Just the other day one of the medicine residents presented a case to me, and mentioned that in looking through the patient's chart he noticed that the patient had undergone a prostate biopsy 1 month prior to this visit, with a follow-up appointment in urology scheduled next month. The result of the biopsy was positive for cancer, but that had not been communicated to the patient. His first instinct, he ...

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Integral to the very concept of the patient-centered medical home is the need for a very real, very concrete, one-on-one relationship between the patient and his or her primary care provider. No matter who this is, the patient needs to know who their internist, or gynecologist, or pediatrician, or nurse practitioner, or other primary care provider is. Nothing can replace this, and everything else about the patient-centered medical home is designed ...

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Even in its purest form, in the most perfect patient-centered medical home we can create, patients will sometimes need to move beyond the confines of primary care. Each of us in primary care has a point that we choose not to venture beyond, into the realm of subspecialty medicine where we lack the experience and tools and support to fully implement complete care for patients with these particular problems. It may be ...

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What does access to care look like in a patient-centered medical home? To answer this we first have to see what access looks like now, under our current system. What happens now? A patient wakes up in the morning with abdominal pain, cannot reach us, and so turns to the computer and types "abdominal pain" into Google. He or she is rewarded with multiple catastrophic and deadly diagnoses, most of which they assume ...

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So what exactly do we want a patient-centered medical record to look like? What is the point of a patient's medical record? Historically it has served many functions. Perhaps the time has come to reassess what it needs to be, what it can and should be. If a healthcare provider from one or two generations ago were to look into a patient's chart today, would they recognize what they saw? Would they ...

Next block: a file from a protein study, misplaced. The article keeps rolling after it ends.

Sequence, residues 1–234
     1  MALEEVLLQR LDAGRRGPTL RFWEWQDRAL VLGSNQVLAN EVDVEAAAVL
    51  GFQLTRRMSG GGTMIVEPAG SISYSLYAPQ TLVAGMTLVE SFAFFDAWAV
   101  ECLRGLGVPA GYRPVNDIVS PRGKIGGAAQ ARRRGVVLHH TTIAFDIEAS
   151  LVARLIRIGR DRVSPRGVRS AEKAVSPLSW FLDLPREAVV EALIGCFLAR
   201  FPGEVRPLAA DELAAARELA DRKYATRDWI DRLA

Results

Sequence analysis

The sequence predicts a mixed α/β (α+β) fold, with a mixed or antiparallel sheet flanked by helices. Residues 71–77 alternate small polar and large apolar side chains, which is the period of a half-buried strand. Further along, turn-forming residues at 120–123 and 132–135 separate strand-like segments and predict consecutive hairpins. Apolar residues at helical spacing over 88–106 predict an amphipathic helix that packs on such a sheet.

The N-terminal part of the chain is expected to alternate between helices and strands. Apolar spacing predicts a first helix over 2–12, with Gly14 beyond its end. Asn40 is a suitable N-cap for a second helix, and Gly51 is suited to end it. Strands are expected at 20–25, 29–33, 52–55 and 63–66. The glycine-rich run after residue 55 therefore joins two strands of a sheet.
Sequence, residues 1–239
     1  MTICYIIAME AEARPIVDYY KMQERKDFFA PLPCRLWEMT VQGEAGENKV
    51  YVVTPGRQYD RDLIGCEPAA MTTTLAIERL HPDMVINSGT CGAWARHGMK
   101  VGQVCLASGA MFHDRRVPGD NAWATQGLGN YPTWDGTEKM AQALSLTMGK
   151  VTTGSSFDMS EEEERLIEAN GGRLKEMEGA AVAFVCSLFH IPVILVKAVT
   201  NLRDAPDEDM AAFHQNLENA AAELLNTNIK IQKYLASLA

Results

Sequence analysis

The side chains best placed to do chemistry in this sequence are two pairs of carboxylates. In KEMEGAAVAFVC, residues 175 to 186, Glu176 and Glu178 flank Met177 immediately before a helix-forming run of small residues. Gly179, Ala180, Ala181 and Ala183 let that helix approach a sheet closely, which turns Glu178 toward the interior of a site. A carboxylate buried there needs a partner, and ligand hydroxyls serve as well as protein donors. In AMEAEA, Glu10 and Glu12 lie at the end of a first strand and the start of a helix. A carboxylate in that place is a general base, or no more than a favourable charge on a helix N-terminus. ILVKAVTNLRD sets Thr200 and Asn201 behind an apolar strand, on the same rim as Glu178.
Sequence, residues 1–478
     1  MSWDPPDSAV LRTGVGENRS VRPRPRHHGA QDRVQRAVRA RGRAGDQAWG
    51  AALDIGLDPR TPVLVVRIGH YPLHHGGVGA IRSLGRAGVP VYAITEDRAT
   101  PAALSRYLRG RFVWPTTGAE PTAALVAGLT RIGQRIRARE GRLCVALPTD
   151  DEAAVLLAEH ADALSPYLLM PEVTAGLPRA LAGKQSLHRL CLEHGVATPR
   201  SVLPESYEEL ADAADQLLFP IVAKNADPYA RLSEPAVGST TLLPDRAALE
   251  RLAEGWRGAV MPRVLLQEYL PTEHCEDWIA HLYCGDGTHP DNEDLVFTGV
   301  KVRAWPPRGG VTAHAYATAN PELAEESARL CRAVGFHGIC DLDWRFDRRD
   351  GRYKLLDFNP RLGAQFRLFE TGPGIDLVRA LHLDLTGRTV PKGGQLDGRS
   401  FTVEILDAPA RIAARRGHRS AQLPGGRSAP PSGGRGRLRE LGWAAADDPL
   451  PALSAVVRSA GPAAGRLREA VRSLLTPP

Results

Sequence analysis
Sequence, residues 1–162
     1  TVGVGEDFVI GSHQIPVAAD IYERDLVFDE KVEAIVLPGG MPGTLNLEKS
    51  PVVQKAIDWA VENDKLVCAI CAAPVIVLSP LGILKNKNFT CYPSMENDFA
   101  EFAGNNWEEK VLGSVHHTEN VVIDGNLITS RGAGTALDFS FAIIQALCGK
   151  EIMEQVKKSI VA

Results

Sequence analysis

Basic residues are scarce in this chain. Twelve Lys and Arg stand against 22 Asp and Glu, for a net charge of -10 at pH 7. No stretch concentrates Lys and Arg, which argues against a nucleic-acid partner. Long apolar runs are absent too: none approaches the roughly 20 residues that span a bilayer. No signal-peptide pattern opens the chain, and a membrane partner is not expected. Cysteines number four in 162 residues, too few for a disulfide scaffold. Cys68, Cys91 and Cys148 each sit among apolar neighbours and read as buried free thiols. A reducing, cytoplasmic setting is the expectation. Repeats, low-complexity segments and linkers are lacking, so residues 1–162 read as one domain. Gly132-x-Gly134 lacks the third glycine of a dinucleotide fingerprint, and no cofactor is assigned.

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Here are just a few of the mouse clicks, key strokes, and computer screens I need to make or navigate to get through my day: Control-Alt-Delete. User Name. Password. Double click on the icon to load the electronic health record (EHR). User Name again. Password again. Schedule. In-basket. Results. Patient Calls. Rx Requests. And that is just to get started. Before I finish my first cup of coffee. Every patient interaction that needs ...

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Having gotten all of the members of our team on board, how do we get them to actually get together? We've all got busy days, all have lots of jobs to do, pulled in multiple different directions. The time needed to be thoughtful and really invest in the patient's care is missing from our day. We need to make room for it, to get together, to really apply ourselves to ...

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How do we get the many disparate members of our healthcare team together to provide better care in a patient-centered medical home? Doctors (attendings and residents), nurse practitioners, nurses, medical assistants, phlebotomists, registrars, medical secretaries, social workers, community care organizers, pharmacists ... the list goes on and on. As it is right now, everyone is so busy trying to do their own job, to keep up with all of their paperwork, to ...

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One of the greatest challenges when it comes time to affect major change in any system is figuring out who the stakeholders are, who has a vested interest in seeing a project rise or fall. Without knowing who all the players are from the word go, there is almost no way to move things forward. But recognizing that we can't keep everyone happy is also a big part of this process. So ...

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Creating a patient-centered medical home within our existing system seems, at times, like a Herculean task. Getting all the pieces in place so that we can make the needed changes sometimes seems too vast to get it all right. We find ourselves asking: Why bother? Is our healthcare system that broken? Is the way we take care of patients now failing, satisfactory, or outstanding? If we just continue on the path ...

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